KLM received its first DC-3 in 1936; it replaced a DC-2 on what was then the world’s longest scheduled route, Amsterdam via Batavia (now Jakarta, Indonesia) to Sydney, Australia. KLM purchased more than 20 DC-3s before World War II began in Europe.

The DC-3 quickly established its reputation with the various airlines, and by 1939, more than 90 percent of U.S. airline passengers were flying in either DC-2s or DC-3s. The DC-3 dominated the  pre-World War II airline industry; by the mid-1940s all but 25 of the 300 airliners operating in the U.S. were DC-3s, according to Encyclopedia Britannica.

Sketches of the DC-3. [Image: skybrary.aero]

Why Was the DC-3 So Successful?

The Douglas DC-3 surpassed its competitors for many reasons. It was capable of taking off and landing on relatively short runways, was fast (a maximum cruising speed of up to 180 knots or 207 mph), had a good range (1,100 nm at 65 percent power and 142 knots), was more reliable, and carried between 14 to 32 passengers in greater comfort or a minimum of 6,000 pounds of cargo. A low-wing metal monoplane that had conventional landing gear, the DC-3 was originally powered by two Wright R-1820 Cyclone radial piston engines of between 1,000-1,200 hp. (Most DC-3s still in operation now use supercharged Pratt & Whitney R-1830 Twin Wasp engines of up to 1,200 hp.) The airplane crossed the continental U.S. from New York to Los Angeles in 18 hours with only three stops. Before the outbreak of World War II, the DC-3 pioneered many air travel routes. 

DC-3 Specifications

Wingspan:95 ft.
Length:64 ft., 5 in.
Height:16 ft., 11.5 in. (tail down)
Max. gross weight:25,200 lbs. (DC-3 configuration, Part 91 operations)
Basic empty weight (varies):16,865 to 17,345 lbs.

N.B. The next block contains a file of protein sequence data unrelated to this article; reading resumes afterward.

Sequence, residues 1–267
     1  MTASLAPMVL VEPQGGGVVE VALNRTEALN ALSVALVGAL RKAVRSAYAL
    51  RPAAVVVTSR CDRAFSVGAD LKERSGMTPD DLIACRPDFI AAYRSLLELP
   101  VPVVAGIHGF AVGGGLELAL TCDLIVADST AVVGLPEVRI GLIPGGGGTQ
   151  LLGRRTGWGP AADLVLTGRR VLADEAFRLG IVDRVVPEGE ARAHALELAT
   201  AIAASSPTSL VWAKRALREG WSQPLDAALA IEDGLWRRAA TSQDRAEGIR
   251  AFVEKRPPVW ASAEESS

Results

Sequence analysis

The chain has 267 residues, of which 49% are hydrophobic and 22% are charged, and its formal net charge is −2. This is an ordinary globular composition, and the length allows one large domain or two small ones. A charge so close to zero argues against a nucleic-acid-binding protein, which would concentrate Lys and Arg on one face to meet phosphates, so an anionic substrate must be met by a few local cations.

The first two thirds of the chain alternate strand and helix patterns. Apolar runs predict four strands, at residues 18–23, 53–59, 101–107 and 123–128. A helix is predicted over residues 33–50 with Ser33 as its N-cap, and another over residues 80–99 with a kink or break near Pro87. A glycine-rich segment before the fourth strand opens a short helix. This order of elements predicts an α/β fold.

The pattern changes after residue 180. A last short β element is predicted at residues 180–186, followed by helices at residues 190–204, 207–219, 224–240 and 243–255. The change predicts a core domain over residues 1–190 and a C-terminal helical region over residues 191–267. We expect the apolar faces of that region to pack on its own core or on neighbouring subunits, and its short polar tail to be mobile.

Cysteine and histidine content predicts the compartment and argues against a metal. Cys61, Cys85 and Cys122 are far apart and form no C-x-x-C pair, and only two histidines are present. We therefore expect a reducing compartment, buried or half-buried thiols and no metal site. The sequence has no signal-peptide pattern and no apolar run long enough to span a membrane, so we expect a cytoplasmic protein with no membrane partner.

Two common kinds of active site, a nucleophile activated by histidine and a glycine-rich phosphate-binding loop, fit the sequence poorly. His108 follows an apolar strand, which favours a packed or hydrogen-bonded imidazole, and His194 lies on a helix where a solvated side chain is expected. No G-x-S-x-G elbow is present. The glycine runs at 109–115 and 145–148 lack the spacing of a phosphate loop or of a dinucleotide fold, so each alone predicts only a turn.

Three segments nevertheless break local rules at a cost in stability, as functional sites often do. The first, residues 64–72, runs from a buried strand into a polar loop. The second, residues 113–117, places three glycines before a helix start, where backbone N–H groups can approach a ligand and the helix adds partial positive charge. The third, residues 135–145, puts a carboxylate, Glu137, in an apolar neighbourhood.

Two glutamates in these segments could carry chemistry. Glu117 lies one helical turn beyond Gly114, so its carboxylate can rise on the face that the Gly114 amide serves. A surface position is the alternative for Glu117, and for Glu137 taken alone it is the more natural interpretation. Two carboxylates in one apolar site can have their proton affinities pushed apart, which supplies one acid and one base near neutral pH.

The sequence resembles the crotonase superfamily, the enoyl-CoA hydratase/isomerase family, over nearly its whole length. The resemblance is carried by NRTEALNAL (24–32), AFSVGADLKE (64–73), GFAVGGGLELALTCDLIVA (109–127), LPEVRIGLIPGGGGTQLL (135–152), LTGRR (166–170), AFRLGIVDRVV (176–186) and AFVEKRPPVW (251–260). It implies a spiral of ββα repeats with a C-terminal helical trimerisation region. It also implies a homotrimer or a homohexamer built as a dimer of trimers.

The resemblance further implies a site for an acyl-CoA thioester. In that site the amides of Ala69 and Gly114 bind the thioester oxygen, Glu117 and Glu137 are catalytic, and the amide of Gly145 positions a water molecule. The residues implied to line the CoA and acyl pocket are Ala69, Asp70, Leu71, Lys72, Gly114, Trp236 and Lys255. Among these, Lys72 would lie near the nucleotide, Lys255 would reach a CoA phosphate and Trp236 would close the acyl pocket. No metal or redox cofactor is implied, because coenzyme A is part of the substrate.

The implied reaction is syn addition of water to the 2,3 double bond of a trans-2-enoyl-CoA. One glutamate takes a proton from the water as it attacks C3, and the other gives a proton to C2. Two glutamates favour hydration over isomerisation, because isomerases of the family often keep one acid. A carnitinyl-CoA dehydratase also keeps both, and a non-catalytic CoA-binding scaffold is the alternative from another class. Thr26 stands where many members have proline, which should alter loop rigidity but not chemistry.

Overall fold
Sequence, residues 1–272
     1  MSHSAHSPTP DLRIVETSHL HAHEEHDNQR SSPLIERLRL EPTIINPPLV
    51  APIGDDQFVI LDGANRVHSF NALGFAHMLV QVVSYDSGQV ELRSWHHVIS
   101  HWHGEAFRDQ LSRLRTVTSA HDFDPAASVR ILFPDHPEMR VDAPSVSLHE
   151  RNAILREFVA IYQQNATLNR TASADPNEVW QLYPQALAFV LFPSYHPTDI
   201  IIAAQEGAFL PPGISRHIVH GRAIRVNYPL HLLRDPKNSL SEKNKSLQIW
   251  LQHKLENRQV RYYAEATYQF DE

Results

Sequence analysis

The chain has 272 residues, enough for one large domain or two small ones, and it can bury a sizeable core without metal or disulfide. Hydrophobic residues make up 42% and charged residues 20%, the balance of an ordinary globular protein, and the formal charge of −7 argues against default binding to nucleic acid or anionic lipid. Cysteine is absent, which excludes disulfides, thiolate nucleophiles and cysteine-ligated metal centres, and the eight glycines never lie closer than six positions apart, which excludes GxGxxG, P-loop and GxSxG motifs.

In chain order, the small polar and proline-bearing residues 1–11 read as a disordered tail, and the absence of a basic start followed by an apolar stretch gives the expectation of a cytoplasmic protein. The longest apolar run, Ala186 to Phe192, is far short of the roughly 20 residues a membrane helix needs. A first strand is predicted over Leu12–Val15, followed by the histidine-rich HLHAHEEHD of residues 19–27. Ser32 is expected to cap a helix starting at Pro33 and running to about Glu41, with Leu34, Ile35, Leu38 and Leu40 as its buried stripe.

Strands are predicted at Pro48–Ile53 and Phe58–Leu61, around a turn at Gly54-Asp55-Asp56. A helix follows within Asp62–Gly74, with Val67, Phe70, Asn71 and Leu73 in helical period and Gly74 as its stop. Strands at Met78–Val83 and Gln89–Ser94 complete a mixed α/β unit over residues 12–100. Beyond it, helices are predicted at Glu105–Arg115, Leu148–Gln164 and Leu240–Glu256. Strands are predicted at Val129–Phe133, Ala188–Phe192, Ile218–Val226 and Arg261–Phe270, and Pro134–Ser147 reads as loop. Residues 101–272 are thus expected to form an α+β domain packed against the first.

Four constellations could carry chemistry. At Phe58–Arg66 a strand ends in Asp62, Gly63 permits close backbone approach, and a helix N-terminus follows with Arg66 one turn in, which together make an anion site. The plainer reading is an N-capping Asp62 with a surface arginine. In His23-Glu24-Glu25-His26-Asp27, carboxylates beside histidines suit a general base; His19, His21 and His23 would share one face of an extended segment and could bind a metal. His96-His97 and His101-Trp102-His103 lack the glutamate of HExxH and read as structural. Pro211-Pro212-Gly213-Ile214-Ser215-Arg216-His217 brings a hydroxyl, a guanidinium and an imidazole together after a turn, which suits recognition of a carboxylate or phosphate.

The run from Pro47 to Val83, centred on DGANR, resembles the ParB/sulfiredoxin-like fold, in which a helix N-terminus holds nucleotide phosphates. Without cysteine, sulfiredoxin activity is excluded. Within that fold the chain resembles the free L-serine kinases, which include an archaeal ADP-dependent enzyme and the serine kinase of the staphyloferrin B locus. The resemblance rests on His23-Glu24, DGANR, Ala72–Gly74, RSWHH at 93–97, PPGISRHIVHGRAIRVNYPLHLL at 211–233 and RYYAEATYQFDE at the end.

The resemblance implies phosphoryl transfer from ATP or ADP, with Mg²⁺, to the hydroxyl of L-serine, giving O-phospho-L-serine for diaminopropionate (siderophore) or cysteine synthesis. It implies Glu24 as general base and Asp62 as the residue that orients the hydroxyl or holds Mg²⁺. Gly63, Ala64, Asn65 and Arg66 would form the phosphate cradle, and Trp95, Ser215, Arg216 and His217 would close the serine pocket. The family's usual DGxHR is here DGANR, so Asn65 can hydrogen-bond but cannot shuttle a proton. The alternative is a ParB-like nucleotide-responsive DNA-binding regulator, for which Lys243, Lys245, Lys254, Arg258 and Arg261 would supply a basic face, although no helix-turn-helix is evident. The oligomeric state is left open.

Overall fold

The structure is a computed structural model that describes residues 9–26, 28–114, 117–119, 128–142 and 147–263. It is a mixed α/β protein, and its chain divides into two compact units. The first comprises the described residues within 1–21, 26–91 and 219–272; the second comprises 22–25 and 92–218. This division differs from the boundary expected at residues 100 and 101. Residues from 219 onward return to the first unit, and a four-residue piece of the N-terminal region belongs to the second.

VNE (never exceed) speed:190 kias

Along with its other qualities, the DC-3 was an efficient airplane; as noted by the Museum of Flight, most DC-3s were operated by two-pilot crews, and joined by a flight attendant, if operated in passenger service. Different versions and engine choices were introduced by Douglas Aircraft. The airplane’s efficiency led to airline profitability, as well as to the significant growth of civil air transport in the U.S. and worldwide prior to World War II. 

The DC-3 in World War II

Production of DSTs ended in mid-1941, while civilian DC-3 production ended in early 1943. By  that time, more than 600 DC-3s had been built. However, dozens of the DSTs and DC-3s ordered by airlines that were built between 1941 and 1943 were designated for U.S. military service while they were still on the production line. In addition, many existing civilian DC-3s were converted to military use. 

But this was only the beginning. Like other manufacturers of aircraft, automobiles, and a myriad of civilian staples, Douglas Aircraft shifted to production for the U.S. and Allies’ war effort. 

A C-47 coming in for a landing. [Photo: fab.mil.br/musal]

A C-47 Skytrain in flight. [Photo: us-militaria.com] 

The DC-3 was designated as the C-47 by the U.S. Army Air Forces, the R4D by the U.S. Navy, and the Dakota by the Royal Air Force of the United Kingdom. Whatever it was called, the world’s first successful commercial airliner readily adapted to military use—it was the most widely used transport aircraft of the war. 

A riveter works on an outer wing during World War II. [Photo: museumofflying.com]

Roughly 10,147 C-47s, C-53s, and other variants were manufactured by Douglas for use by the Allies at its facilities in Santa Monica and Long Beach, California, and in Oklahoma City, Oklahoma, and encompassing models built under license to Russia (as the Li-2) and Japan (as the L2D). The C-53 version of the DC-3 was a troop carrier. Peak production of the C-47 occurred in 1944, when roughly 4,853 were delivered to the armed forces.